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Some bank accounts can be set up and titled in such a way that the funds they contain can pass directly to beneficiaries upon the death of the account holder. Known as payable on death or POD accounts, this strategy allows the decedent’s beneficiaries to avoid some of the administrative delays of probate court.

The beneficiary of a POD account must present valid identification and the decedent’s death certificate to the financial institution where the funds are held, after which they can be immediately released. This strategy can be applied to bank accounts, brokerage accounts, and certificates of deposit.

However, things don’t always run as smoothly as the decedent may have intended. For example, if the decedent’s will identifies multiple beneficiaries and the POD account is paid out in favor of only one person, disputes can arise. The decedent may have intended for the beneficiary of the POD account to divide up the funds equally among all beneficiaries of his or her will, but the person receiving the funds may elect not to honor those implicit wishes.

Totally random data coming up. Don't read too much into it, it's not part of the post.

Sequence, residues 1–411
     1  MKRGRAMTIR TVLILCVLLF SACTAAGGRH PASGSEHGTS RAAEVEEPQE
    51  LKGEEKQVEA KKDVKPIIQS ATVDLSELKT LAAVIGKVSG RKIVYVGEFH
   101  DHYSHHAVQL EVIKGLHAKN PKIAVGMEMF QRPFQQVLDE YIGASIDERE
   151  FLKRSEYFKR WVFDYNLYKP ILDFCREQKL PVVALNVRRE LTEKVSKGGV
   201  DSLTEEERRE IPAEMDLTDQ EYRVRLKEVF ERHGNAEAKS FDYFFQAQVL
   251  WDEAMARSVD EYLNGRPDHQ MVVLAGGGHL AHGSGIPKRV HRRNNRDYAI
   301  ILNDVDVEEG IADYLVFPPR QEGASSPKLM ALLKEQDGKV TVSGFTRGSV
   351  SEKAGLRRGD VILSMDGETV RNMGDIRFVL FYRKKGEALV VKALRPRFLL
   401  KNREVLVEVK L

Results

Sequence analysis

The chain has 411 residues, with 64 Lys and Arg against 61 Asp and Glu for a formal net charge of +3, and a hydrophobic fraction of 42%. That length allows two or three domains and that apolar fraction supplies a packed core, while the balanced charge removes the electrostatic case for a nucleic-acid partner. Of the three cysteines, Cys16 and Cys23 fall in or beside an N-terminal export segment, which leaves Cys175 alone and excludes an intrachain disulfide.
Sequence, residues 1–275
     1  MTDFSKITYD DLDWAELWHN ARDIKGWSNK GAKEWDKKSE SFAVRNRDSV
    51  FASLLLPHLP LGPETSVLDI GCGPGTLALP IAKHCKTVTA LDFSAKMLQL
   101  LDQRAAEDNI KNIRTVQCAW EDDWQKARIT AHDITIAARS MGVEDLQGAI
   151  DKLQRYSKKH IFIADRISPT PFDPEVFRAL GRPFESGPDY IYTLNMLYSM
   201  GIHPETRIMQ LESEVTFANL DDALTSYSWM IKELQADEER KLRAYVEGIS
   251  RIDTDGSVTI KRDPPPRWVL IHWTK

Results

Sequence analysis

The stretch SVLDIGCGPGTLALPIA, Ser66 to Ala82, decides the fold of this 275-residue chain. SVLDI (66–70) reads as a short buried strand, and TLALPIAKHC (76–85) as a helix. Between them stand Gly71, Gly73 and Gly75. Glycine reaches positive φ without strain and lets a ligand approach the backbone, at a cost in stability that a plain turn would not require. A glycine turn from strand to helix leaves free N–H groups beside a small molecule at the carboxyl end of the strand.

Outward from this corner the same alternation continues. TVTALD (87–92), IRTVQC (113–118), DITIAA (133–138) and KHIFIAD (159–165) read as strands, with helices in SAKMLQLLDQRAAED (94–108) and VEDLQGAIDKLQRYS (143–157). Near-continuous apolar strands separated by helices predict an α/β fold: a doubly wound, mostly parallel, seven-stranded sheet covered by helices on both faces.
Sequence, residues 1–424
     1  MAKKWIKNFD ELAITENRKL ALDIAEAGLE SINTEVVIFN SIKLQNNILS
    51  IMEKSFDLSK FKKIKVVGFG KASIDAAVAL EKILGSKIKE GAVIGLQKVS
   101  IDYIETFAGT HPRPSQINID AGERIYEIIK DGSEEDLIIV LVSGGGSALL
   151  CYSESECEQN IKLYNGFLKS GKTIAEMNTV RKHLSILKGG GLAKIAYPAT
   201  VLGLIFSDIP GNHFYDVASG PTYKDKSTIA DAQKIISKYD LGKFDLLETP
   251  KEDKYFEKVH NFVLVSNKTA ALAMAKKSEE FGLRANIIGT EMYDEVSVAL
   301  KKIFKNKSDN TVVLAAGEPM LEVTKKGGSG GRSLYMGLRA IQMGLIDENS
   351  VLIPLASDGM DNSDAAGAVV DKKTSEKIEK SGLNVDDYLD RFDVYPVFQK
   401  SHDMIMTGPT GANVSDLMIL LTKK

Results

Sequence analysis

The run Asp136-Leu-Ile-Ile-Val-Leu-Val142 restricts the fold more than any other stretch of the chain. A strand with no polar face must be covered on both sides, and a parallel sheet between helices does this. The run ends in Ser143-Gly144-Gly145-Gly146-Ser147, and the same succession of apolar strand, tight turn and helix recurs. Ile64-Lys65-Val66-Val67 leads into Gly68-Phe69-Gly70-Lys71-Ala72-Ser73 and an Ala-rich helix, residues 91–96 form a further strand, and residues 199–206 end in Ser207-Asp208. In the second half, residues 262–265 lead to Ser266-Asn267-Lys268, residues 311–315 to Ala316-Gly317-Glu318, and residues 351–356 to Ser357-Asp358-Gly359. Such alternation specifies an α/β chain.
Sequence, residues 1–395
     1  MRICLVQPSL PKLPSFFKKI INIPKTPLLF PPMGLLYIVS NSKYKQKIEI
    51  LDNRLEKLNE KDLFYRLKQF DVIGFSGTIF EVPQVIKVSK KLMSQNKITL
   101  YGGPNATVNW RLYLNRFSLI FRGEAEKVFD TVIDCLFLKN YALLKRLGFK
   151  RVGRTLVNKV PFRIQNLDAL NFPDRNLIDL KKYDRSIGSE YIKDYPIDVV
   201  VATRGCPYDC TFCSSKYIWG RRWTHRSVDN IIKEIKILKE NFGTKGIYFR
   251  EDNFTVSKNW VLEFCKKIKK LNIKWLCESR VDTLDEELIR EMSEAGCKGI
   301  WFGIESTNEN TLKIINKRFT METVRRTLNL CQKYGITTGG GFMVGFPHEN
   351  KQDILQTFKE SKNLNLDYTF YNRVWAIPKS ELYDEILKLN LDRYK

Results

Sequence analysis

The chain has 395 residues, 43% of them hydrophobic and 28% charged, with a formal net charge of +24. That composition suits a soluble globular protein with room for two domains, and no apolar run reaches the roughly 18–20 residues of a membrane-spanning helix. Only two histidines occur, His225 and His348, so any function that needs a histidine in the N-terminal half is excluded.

In cases where there is compelling evidence that the decedent intended for POD accounts to be further distributed, it may be possible to obtain a court judgment compelling the payee to share those funds with other beneficiaries. As circumstances are different in every case, you should discuss the particulars of your situation with an experienced probate attorney.

The knowledgeable legal team at Pollack Pollack & Kogan is here to help if you need to litigate a case involving POD accounts with multiple beneficiaries. To consult with an expert member of our legal staff, contact Pollack Pollack & Kogan by email at, or call 305-373-9676.